There’s nothing quite like a comforting bowl of miso soup with wakame and tofu, not only does it taste delicious but it’s full of helpful bacteria, enzymes, antioxidants, amino acids, and vitamins.

High in protein, miso is known to lower cholesterol, boost the immune system and improve digestion. So start your next meal with a bowl of miso soup and see how you feel!

Oily Fish

I know what you’re thinking… Oily? Healthy? Yes, that’s right! The oils found in particular species of fish known as ‘blue-backed’ fish are full of beneficial compounds such as DHA and EPA, these are unsaturated fats or “good fats” are great for your skin and hair. The oils help to lower cholesterol and prevent cardiovascular disease. Fish oil is also considered to help support brain development.

The island nation’s diet is dependent on a high intake of omega-3 rich oily seafood such as “Iwashi” (sardines) “Saba” (mackerels) “Aji” (horse mackerels) “Sanma” (saury).

Sashimi

One of the easiest and healthiest ways to eat fish is to have it raw. Sashimi is sliced raw fish and Japan is known for their love of this fresh and healthy way of preparing food. 

Fish is high in protein and omega–3 fats, which is linked to lowering blood pressure, improving brain function and aiding heart health. Eating sashimi is a tasty way to enjoy fish without the added calories of frying or marinating in heavy sauces. It’s just as easy to make at home using the Kasumi VG-10 PRO 13cm Santoku Knife to achieve those perfectly thin slices.

Your beautiful slices of sashimi can be eaten lightly dipped in soy sauce with wasabi or ginger, both nutritious additions to the meal. 

Soba

Less popular than ramen and udon, but just as tasty, Soba is a type of noodle made from buckwheat flour and requires years of training to make. Soba is higher in protein, fibre, complex carbohydrates, thiamine and Vitamin B1 and B2 compared to other kinds of noodles.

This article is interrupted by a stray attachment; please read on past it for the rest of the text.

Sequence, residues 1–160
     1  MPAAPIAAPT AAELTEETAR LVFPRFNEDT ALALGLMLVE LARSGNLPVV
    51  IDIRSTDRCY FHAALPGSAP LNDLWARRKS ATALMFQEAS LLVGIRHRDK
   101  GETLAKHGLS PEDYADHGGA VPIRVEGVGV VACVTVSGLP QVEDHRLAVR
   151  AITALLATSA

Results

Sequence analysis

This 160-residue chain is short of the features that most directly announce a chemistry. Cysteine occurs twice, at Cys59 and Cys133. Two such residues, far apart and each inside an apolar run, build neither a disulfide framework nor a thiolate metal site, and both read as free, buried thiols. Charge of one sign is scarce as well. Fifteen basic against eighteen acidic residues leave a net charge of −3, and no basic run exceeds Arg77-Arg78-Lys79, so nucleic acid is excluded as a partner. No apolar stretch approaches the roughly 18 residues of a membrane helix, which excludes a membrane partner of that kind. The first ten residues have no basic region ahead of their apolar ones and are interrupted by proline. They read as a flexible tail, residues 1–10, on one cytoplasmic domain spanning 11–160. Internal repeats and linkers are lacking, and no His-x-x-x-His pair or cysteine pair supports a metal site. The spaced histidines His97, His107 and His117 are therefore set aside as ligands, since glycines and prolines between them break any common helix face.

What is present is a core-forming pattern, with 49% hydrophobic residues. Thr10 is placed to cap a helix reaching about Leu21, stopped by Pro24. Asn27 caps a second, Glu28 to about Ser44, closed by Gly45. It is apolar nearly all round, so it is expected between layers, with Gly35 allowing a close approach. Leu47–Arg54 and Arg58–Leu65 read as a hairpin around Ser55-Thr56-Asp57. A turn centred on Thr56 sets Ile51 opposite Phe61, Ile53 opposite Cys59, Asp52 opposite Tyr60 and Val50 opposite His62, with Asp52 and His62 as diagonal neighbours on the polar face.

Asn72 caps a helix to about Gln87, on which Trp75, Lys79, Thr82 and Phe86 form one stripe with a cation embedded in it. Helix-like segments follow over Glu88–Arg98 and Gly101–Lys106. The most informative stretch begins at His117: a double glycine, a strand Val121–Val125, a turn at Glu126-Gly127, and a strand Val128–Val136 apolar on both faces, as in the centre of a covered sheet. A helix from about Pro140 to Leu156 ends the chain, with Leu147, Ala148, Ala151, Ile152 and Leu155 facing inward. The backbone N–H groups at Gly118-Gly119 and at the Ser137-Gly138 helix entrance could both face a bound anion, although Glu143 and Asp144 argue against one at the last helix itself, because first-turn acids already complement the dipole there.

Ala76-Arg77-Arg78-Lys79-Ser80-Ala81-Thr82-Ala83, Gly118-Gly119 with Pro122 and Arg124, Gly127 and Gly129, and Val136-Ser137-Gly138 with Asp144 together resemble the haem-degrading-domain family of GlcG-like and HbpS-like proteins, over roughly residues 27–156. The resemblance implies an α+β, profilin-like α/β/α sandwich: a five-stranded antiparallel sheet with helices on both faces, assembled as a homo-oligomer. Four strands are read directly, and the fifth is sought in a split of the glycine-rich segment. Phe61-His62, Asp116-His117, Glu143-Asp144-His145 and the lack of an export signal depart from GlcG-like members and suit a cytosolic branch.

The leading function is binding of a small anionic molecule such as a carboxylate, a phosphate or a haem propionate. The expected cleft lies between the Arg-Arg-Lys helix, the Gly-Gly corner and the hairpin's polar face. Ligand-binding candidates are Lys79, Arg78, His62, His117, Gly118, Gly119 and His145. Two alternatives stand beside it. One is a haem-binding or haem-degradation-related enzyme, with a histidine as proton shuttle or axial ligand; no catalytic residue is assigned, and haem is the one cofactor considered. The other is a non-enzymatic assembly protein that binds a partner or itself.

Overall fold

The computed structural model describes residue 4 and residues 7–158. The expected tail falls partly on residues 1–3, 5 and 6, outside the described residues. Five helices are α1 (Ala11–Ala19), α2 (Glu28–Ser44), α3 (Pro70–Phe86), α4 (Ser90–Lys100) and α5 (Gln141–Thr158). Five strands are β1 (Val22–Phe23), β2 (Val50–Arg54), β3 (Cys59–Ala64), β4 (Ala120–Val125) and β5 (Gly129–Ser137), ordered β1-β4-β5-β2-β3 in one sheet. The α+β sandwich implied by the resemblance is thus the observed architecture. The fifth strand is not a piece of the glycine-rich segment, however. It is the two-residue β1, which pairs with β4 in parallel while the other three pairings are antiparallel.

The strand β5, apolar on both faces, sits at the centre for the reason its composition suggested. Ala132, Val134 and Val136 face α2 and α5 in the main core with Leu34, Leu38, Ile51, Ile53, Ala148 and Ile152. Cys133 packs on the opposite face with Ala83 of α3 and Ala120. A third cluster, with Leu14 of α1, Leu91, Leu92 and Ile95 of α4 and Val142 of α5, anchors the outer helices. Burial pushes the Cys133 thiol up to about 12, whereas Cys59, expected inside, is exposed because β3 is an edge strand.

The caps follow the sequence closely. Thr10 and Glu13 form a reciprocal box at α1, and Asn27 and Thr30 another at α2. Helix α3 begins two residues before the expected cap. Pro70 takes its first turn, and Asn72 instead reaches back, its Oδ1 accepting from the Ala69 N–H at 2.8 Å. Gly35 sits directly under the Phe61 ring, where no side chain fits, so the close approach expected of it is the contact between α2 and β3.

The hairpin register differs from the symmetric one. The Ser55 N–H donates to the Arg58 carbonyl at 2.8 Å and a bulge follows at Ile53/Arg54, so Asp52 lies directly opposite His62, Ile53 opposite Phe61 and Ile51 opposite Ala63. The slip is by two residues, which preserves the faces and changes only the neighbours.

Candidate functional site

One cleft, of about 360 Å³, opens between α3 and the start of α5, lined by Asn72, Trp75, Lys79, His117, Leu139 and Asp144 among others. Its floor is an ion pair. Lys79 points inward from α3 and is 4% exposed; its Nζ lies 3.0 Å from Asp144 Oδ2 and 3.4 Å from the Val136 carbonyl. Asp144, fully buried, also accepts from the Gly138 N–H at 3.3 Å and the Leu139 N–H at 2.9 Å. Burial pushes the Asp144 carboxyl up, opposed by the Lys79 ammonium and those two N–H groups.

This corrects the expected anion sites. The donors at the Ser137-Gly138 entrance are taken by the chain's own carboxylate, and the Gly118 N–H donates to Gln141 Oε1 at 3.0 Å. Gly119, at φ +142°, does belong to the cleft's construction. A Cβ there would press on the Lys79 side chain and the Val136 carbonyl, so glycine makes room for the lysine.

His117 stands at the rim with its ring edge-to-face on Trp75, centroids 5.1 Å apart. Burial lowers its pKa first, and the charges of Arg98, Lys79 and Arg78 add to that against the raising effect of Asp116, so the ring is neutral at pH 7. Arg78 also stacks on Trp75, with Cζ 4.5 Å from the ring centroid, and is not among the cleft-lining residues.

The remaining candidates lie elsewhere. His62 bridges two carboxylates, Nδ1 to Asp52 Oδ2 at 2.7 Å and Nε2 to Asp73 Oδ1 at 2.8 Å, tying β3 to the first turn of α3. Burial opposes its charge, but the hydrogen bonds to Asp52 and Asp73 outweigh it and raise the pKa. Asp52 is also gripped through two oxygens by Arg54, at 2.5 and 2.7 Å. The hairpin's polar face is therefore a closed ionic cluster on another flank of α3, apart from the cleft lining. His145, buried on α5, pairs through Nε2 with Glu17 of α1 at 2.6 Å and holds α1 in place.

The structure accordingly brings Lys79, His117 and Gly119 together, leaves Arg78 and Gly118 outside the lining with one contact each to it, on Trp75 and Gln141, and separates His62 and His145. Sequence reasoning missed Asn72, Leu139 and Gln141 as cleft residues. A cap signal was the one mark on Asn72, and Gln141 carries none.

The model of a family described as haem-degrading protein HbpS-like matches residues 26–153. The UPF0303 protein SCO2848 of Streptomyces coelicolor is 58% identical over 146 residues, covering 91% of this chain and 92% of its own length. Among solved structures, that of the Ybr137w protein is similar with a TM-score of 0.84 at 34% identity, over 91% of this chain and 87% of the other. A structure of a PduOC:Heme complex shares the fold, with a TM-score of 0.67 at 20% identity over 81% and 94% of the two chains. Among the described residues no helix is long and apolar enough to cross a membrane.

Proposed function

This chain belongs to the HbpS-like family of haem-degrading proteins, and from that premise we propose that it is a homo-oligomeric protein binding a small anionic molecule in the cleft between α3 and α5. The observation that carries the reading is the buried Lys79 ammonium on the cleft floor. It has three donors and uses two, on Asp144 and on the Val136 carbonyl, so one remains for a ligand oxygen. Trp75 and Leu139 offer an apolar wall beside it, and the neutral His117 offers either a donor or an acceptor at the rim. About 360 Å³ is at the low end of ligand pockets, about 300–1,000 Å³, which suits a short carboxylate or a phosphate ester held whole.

Soba is also known to contain “rutin” which reduces high blood pressure and is anti-ageing.

This super noodle is widely available in your local Asian supermarket or health food store and can be eaten in a variety of ways, hot or cold. We like to dress our soba with a variety of healthy veggie toppings using the Masahiro MV-H Masahiro Santoku Knife 18cm which is well suited to vegetable chopping and dicing, or keep it simple, cold and dipped in Tsuyu (dipping sauce).

Eating soba noodles never gets boring, and will make a versatile addition to your kitchen!

Rice

Whether it’s brown or white, Japanese rice is central to overall health and a well-balanced diet. Rice serves as a low-fat carbohydrate, keeping you full and providing energy to keep your body running throughout the day. 

In fact, Japanese rice is full of nutrition, including vegetable protein, dietary fibre, calcium and vitamins. Rice is extremely versatile, tasty and cheap, so it’s no wonder that it’s eaten almost every day in Japan. There’s nothing quite like freshly cooked rice to accompany your meal. 

Matcha

Matcha green tea has gained significant popularity outside Japan. From matcha lattes to matcha desserts, this stunningly green powder is not only healthier than regular green tea but an important part of ceremonial tea culture in Japan.

Matcha contains high amounts of antioxidant and catechin which are known to prevent cancer, arthritis, high cholesterol and heart disease. It also contains higher levels of caffeine, so skip that cup of coffee and try matcha instead!

Japanese Pickles

Lastly, no meal in Japan is complete without ‘tsukemono’ or Japanese pickles, made from fruit or vegetables such as radish, cabbage, and cucumber using a salt or vinegar brine.

These vibrant, sweet and vinegary pickles are both incredibly delicious and a great source of probiotics and vitamin B. Just like most fermented foods, tsukemono is full of enzymes that help to improve digestion, stomach and kidney health. 

You can buy tsukemono or try making your own at home!

Summary

Comments are closed here.